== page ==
c-d.hailfinger.devel.2006 at gmx.net
Fri Jun 19 19:04:30 CEST 2009
On 19.06.2009 18:35, ron minnich wrote:
> On Fri, Jun 19, 2009 at 9:13 AM, Myles Watson<mylesgw at gmail.com> wrote:
>> Another option would be to only let the BSP print messages by default. That
>> would clean up most people's logs most of the time.
> yes, that is why I did that struct-based stack in my v3 SMP startup.
> The struct formed the base of the AP stack. We could put a simple
> print buffer in there and require that the BSP print out AP boot
> messages. This would be a bit better than trying to resolve this
> locking issue.
Neat idea. Should we make printk on the BSP check AP buffers after each
printk and print them as well? What happens if the APs print stuff
faster than the BSP can poll? By the way, managing that buffer is a
locking problem as well, but we might get away with it. The bigger
problem with AP buffers is that they may be invisible to the BSP if the
APs have independent cache.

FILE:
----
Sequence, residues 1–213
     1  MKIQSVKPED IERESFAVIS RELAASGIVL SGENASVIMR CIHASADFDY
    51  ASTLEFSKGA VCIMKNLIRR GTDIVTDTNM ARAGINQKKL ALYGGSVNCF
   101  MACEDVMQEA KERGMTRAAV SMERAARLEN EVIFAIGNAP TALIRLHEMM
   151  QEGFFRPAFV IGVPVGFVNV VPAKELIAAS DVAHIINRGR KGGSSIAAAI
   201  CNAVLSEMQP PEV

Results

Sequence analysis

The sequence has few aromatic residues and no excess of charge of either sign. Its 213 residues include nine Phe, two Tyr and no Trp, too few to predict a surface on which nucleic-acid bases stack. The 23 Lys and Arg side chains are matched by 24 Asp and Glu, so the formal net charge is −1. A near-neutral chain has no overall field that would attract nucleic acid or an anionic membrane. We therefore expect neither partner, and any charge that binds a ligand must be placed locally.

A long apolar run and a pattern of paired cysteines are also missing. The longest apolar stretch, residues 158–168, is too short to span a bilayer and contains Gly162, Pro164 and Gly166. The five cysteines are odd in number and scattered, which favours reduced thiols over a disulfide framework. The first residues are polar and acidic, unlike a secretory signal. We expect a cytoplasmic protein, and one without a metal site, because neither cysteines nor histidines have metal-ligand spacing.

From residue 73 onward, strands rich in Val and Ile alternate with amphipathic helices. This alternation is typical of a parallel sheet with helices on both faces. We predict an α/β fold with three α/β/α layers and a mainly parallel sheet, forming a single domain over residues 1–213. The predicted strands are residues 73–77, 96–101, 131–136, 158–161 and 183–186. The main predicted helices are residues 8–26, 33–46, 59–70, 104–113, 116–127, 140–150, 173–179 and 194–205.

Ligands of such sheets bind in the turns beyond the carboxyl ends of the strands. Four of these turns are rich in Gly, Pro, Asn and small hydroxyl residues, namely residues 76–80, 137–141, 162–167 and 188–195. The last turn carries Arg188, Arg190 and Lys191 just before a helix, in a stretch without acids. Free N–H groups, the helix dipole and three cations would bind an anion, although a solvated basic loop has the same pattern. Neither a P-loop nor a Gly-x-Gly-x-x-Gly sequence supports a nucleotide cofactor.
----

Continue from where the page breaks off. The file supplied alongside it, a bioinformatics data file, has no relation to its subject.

> I never got this done, I only got the "AP post code"
> working. But overall I think my SMP startup prototype was much cleaner
> than what is in v2 today.
I don't understand v2 startup anyway (well, except for your new code).
> I don't think we want to put locks in printk. If an AP gets part way
> up, takes the lock, and fails, everyone is going to stick on that
> lock. Not fun.
If we can get locking to work, auto-busting a lock is almost trivial.
Try to get the lock for n iterations, after that print anyway and
complain "lock held too long".
Give me a trylock() function and I'll give you auto-busting code.
> We have made a decision that the BSP is always assumed to work. Any
> strategy should be build around this assumption, and the further
> assumption that we ought to contain the AP so that it can not prevent
> the BSP from doing its job.
Absolutely agreed. Auto-busting the lock would solve this nicely and
even detect hangs.
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